As everyone reading this already knows, Cesc Fabregas has been linked with a move to FC Barcelona this summer. Just like last summer. Or practically any time in between.
In order to find a fresh approach to the transfer rumour that relentlessly persists and just won’t go away, we’ve collaborated with Arsenal fan blog You Are My Arsenal for a series of posts looking at the possible transfer of Cesc from both angles. Our first part looks at the differing opinions of the fans concerning the possible move of Cesc. Are Arsenal fans as divided as cules on the whole issue? Read on to find out!
Editor’s note: This is an honest opinion of an Arsenal fan on behalf of Arsenal fans. Some things presented you may not agree with, which is the whole point of posting this article in the first place (to experience both perspectives). Please be respectful in the comments section. Disagreement is fine, but any comment we consider disrespectful will be reported and deleted.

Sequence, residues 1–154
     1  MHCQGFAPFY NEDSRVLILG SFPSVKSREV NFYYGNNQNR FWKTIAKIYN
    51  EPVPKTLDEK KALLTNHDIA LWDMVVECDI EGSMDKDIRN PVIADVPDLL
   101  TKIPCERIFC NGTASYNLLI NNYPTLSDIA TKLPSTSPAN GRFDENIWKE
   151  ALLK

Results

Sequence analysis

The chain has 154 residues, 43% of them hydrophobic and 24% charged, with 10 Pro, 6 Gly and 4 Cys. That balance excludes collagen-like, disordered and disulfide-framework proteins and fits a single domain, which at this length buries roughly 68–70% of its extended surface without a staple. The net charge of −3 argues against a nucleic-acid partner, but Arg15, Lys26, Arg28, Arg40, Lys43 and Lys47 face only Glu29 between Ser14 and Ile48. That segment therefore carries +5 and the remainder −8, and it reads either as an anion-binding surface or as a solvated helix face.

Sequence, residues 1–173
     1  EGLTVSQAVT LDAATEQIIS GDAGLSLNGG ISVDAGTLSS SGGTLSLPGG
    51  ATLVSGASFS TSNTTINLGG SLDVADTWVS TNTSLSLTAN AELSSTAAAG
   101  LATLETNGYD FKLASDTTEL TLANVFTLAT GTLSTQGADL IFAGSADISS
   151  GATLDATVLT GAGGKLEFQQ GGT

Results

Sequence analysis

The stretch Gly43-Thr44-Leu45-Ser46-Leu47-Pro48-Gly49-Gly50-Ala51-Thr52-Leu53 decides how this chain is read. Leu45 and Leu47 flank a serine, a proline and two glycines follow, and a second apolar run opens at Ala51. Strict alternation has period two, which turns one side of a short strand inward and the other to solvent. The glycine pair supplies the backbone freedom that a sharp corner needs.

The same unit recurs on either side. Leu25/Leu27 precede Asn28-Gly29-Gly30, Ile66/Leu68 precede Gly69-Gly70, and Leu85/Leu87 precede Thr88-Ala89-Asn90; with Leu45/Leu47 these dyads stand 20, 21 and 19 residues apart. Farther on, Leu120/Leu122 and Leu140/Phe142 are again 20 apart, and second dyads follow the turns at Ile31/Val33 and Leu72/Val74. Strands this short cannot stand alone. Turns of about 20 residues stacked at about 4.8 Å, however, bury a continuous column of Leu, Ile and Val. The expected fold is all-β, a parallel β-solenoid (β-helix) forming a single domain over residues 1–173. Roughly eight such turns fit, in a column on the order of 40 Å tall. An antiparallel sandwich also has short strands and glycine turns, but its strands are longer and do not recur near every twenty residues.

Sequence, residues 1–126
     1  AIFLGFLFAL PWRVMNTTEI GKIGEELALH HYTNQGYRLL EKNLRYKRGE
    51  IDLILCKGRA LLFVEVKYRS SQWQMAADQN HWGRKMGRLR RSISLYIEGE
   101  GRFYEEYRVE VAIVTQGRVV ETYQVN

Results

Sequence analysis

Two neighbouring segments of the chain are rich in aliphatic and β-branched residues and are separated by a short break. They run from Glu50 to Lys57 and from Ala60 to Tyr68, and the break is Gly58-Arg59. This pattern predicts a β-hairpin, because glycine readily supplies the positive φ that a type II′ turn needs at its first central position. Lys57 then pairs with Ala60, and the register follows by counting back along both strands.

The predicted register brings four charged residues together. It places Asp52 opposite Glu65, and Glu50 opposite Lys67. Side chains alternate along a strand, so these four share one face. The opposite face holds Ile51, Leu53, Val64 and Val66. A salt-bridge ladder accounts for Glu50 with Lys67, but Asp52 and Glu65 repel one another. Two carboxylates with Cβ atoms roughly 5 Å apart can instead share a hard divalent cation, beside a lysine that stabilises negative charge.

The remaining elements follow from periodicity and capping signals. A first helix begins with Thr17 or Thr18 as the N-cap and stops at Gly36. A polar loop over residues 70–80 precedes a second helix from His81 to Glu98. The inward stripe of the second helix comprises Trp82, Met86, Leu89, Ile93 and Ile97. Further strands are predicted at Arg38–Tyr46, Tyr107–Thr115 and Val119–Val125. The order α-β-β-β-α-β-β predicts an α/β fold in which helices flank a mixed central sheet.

You Are My Arsenal, written by DAG (DaAdminGooner)
Recently for supporters of Arsenal, the summer is filled predominantly with two things – 1.) evaluation of what went wrong when things looked good and 2.) the continuing saga of Cesc Fabregas and will he or won’t he leave Arsenal for Barcelona. As you can see it is usually a summer filled with nail biting angst.
A lot of press speculation has occurred around the future of the Catalan skipper of the North London side. Is he going to go? Will Barcelona offer what Arsenal are asking? Which Barcelona player will appear in the press citing Fabregas’ Barcelona credentials? Will Barcelona offer up promising young talent for the prodigal son’s return? It frankly becomes tiresome, irksome and worrisome (that’s a lot of ‘somes’) for the Gunner faithful.